#16 Mason Rudolph- Oklahoma State, 6-4.5, 235, 9 1/8" Hand, (4.85)- I like this kid. He throws maybe the best deep ball in this Draft. He s a great athlete. If can get 3 to 5 years in a system he could be an legit NFL QB. I watched him a ton the past two season. He does a lot of good things, but is not there mentally yet. 

He has to learn to turn his back to the QB. He has to learn fid the Safety, read, and make the appropriate throw. That is as foreign to him as Mjolnir is to me. But he has some smarts. He can take a huge hit and complete the next pass. I saw him take some big hits, and get up like nothing happened. He plays injured, and in obvious pain. You cannot play QB in the NFL if you cannot play hurt.

#17 Nic Shimonek- Texas Tech, 6-4, 220, (4.86)- He threw all over the field and over the place. He is a Case Keenum-like QB. My problem is that Texas Tech has become the poster boys for the Red Raider QBs. So it is hard for me to like this kid. He didn't do anything wrong, but he played in that QB killing offense. If took Keenum 5 years to drill the spread QB out of him.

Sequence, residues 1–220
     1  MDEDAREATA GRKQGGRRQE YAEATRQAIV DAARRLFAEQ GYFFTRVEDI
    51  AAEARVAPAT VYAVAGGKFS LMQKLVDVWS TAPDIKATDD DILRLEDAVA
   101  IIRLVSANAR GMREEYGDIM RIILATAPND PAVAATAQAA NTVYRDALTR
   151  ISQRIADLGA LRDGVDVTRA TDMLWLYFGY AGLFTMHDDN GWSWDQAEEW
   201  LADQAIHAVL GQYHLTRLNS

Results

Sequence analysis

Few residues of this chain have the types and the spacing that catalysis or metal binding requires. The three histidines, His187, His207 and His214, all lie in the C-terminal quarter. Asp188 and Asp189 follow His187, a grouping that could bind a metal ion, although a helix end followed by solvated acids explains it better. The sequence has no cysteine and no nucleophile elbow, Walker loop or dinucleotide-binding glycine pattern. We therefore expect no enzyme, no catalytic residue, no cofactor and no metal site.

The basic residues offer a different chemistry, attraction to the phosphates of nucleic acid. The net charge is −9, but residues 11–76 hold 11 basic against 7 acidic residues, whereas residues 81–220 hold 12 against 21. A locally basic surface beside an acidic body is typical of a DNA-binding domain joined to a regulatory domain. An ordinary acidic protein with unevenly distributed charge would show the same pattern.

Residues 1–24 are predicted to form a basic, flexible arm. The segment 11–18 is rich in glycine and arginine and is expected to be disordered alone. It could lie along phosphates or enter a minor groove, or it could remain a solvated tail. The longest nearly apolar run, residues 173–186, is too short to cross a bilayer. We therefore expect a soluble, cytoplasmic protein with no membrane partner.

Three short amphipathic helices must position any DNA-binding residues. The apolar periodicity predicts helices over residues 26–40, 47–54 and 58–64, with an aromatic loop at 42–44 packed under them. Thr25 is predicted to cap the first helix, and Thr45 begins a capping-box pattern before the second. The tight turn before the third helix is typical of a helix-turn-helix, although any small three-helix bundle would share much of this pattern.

He has to learn to turn his back to the QB. He has to learn find the Safety, read, and make the appropriate throw. He has to be able to read coverage, and not just throw to a spot. He has to understand the route trees his WRs are running. He has to learn to throw accurately at the right time in those routes. It is a lot of learning spread QBs have to do.

#18 Mike White, Western Kentucky, 6-4.5, 224, 9 1/2" Hand, (5.08)- I could not have been more impressed with this kid at the Senior Bowl. He has legit NFL talent. However, rumors that he did not do well in interviews at the Senior Bowl hurt him. But he knows his progressions. The Pats are taking a long look at this kid on Day Three. If he can past the interview test with the Pats, which was his main question from the Senior Bowl, he could be a Patriot on Day Two or Three. He had a great interview at the Senior Bowl, where he broke down about five reads on the play, and ran down the progression like Rainman.

I really like this kid. He can speak the OC's language. I thought he was great at the Senior Bowl, and he threw the ball all over the place at WVU. But like all these spread QBs he is going to need 3 to 5 years to develop. Garoppolo got three years in the Pats system before he started a game, and dominated. Plus, he got four years in the Pats system before he was tragically traded to the 49ers, and become the permanent starter and not the backup forced into the starting role. And big surprise he had developed mentally into a legit NFL starter.